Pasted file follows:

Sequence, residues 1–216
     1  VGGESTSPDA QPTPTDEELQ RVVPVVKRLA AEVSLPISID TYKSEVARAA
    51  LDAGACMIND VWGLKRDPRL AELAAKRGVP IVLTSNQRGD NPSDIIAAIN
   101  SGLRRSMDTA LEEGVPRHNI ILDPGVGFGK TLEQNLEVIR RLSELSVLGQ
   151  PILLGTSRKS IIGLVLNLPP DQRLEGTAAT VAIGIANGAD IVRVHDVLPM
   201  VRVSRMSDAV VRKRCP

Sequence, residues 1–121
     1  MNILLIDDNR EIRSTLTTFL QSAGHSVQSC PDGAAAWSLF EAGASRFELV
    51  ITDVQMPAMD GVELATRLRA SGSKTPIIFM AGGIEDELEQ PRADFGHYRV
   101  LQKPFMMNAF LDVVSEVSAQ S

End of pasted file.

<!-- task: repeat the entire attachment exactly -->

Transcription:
Sequence, residues 1–216
     1  VGGESTSPDA QPTPTDEELQ RVVPVVKRLA AEVSLPISID TYKSEVARAA
    51  LDAGACMIND VWGLKRDPRL AELAAKRGVP IVLTSNQRGD NPSDIIAAIN
   101  SGLRRSMDTA LEEGVPRHNI ILDPGVGFGK TLEQNLEVIR RLSELSVLGQ
   151  PILLGTSRKS IIGLVLNLPP DQRLEGTAAT VAIGIANGAD IVRVHDVLPM
   201  VRVSRMSDAV VRKRCP

Sequence, residues 1–121
     1  MNILLIDDNR EIRSTLTTFL QSAGHSVQSC PDGAAAWSLF EAGASRFELV
    51  ITDVQMPAMD GVELATRLRA SGSKTPIIFM AGGIEDELEQ PRADFGHYRV
   101  LQKPFMMNAF LDVVSEVSAQ S